The polish co.s mostly display and sell their pianos at the Namm show to the retail stores which the emphasis is on the case fabrication,reveneer,marketry etc. The furniture criteria is a priority over the sound or in this case (no sound). The retail stores that have their pianos rebuilt by ex. Sama are the same ones that buy these Polish restorations. That is the difference between high end restoration facilities(Pianocraft,Cunningham) that also sell retail (new)pianos. The standards of restoration are gonna be much higher. MOST retail stores that don't do restoration are not that picky or that knowledgeable as for restoration. If you don't do restoration or are not somewhat knowledgeable than what questions do you ask in your communication. I've never saw a dealer have a tech look at their restorations at the Namm show prior to purchasing. When I send them pianos(Polish co.s to reveneer,etc.) I would just send them the case and some case parts only (no plate,no action,no legs,no lyre,no music rack )You want to play a piano with a strange action geometry, play one of their former viennese action stacks converted to a modern action.
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#634539 - 08/19/07 06:49 PM Re: Soundboard bleaching
woodfab Offline
Full Member

Registered: 12/06/05
Posts: 388
Loc: Stoneham, MA
It would seem to me that there would be a lot more to say about bleaching.
There are basically three types of chemicals most commonly used to bleach wood, Oxalic acid, Sodium hypochlorite and a two part A/B wood bleach.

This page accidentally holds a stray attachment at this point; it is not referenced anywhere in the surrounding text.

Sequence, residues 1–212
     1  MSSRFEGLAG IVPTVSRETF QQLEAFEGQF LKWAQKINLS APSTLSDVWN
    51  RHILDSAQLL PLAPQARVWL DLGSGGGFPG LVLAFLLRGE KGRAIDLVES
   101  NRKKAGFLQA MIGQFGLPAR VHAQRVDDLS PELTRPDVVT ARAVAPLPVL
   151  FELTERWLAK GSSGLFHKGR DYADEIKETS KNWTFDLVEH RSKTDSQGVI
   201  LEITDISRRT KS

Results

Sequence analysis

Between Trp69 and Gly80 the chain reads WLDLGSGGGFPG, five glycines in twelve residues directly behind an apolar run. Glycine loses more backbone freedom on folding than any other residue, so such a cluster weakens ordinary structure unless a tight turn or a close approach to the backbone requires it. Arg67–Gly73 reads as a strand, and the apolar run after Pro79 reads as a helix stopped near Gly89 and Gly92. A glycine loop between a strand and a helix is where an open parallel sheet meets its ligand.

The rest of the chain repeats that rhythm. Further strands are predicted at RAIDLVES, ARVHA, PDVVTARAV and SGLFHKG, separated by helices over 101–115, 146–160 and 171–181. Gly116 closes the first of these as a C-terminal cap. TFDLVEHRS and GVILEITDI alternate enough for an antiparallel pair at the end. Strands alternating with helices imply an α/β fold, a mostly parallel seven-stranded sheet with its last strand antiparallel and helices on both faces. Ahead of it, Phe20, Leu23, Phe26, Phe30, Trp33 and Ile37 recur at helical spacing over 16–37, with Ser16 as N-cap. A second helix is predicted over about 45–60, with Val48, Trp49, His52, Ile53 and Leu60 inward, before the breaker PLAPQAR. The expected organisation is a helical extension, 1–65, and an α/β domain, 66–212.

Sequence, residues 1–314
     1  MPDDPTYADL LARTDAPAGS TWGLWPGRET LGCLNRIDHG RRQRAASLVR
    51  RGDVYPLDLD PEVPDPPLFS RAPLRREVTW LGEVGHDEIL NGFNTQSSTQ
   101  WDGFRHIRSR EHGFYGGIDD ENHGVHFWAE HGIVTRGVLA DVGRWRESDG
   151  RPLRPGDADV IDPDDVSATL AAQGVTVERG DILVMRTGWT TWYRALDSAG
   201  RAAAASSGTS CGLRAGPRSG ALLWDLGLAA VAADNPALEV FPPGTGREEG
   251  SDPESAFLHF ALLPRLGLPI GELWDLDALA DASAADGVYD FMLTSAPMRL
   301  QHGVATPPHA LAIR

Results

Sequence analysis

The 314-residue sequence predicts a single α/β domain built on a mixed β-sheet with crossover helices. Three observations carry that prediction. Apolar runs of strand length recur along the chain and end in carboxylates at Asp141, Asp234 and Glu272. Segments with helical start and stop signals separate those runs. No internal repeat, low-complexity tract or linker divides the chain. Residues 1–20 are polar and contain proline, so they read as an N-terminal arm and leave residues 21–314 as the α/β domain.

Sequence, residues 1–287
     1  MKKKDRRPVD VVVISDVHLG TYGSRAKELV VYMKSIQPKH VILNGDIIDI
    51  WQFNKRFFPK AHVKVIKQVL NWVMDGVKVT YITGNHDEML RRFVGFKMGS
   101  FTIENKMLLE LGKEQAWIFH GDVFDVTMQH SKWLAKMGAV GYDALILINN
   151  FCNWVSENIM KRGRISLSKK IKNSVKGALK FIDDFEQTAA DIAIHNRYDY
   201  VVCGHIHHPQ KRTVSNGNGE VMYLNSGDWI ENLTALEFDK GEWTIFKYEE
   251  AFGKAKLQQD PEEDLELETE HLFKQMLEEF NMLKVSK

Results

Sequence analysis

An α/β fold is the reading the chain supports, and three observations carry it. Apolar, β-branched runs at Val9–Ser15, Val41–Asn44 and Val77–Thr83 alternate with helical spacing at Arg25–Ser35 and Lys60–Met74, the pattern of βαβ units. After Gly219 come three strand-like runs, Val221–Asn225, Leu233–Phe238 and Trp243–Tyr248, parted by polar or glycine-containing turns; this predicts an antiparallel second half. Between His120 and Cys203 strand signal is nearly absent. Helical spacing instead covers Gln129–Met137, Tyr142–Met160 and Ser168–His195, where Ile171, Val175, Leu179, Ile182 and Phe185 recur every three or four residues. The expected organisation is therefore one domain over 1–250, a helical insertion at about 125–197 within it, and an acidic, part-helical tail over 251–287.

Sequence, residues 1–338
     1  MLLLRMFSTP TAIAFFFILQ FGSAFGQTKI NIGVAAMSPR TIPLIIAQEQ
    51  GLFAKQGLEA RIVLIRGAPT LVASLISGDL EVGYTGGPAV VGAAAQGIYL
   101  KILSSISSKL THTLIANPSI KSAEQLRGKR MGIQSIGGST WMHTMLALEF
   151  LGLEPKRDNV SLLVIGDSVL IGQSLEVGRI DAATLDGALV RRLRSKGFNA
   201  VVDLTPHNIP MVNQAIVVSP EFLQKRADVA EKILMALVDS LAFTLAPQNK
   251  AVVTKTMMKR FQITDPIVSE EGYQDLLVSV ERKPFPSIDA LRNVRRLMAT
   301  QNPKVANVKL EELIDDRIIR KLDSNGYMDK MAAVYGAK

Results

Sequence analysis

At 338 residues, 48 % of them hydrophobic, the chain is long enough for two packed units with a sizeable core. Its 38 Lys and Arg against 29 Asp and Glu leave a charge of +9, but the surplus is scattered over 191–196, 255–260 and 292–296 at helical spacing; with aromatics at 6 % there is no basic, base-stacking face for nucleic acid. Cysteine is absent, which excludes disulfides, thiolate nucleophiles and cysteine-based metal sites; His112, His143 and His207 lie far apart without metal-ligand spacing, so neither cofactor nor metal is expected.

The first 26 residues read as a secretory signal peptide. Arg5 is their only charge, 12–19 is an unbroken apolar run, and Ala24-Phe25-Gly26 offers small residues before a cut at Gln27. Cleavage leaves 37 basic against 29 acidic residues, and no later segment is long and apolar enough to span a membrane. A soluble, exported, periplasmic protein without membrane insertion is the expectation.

I was hoping to get some replies for people who actually tried them regardless of the condition of the rest of the piano even if one of the casters are loose.
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#634540 - 08/19/07 06:49 PM Re: Soundboard bleaching
Gene Nelson Online   content
1000 Post Club Member

Registered: 09/10/04
Posts: 1570
Loc: Old Hangtown California
The knowledgable questions are: is it new, restored, refirbished or used. The answers to these questions are straight forward.
Larry Fine describes these very nicely.
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RPT
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#634541 - 08/20/07 03:34 AM Re: Soundboard bleaching
pianobroker Offline
4000 Post Club Member

Registered: 05/14/07
Posts: 4309
Loc: North Hollywood CA.
Gene Nelson
You know the terms in the restoration industry are totally ambiguous. They mean nothing if there is no trade standard in the industry. Restored,refurbished,reconditioned,remanufactured,renovated,rebuilt imply or mean nothing concrete. The only similarity as for their connotation is they all start with R. "What is the difference if one said they rebuilt, restored or refurbished the action" Did they change the damper action? or the backchecks? even wippens? let off buttons? Most restorations I see in the marketplace, the "back action" is original, patched up similar to your scenario. I don't think in the restoration industry that replacing the back action is a given as for most restoration co. rebuilding one's action assembly.
New parts means nothing either! It's what you do with the parts that matters. You as a tech knows that. Even if you know what to ask, there is still no gurantee as to what you get for your $ plus one has to pay FOB from these co. before they even ship to you. Theres no prior approval status unless you want to fly to Poland upon the pianos completion. If you don't ask for a quality standard you won't get it.